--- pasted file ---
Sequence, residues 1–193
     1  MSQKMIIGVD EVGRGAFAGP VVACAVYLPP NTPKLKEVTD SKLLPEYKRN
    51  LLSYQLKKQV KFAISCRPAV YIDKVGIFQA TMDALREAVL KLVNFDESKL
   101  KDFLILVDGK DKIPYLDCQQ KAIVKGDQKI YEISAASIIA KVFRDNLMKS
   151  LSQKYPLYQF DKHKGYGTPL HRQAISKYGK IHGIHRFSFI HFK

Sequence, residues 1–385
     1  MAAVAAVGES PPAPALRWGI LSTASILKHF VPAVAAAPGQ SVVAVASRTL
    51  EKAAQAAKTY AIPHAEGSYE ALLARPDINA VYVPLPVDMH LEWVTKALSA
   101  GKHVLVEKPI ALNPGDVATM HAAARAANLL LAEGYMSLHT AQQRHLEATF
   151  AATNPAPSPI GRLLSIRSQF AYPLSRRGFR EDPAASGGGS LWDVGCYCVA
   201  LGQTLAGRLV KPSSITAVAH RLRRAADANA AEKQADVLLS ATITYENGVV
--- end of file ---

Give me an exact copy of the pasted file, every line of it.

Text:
Sequence, residues 1–193
     1  MSQKMIIGVD EVGRGAFAGP VVACAVYLPP NTPKLKEVTD SKLLPEYKRN
    51  LLSYQLKKQV KFAISCRPAV YIDKVGIFQA TMDALREAVL KLVNFDESKL
   101  KDFLILVDGK DKIPYLDCQQ KAIVKGDQKI YEISAASIIA KVFRDNLMKS
   151  LSQKYPLYQF DKHKGYGTPL HRQAISKYGK IHGIHRFSFI HFK

Sequence, residues 1–385
     1  MAAVAAVGES PPAPALRWGI LSTASILKHF VPAVAAAPGQ SVVAVASRTL
    51  EKAAQAAKTY AIPHAEGSYE ALLARPDINA VYVPLPVDMH LEWVTKALSA
   101  GKHVLVEKPI ALNPGDVATM HAAARAANLL LAEGYMSLHT AQQRHLEATF
   151  AATNPAPSPI GRLLSIRSQF AYPLSRRGFR EDPAASGGGS LWDVGCYCVA
   201  LGQTLAGRLV KPSSITAVAH RLRRAADANA AEKQADVLLS ATITYENGVV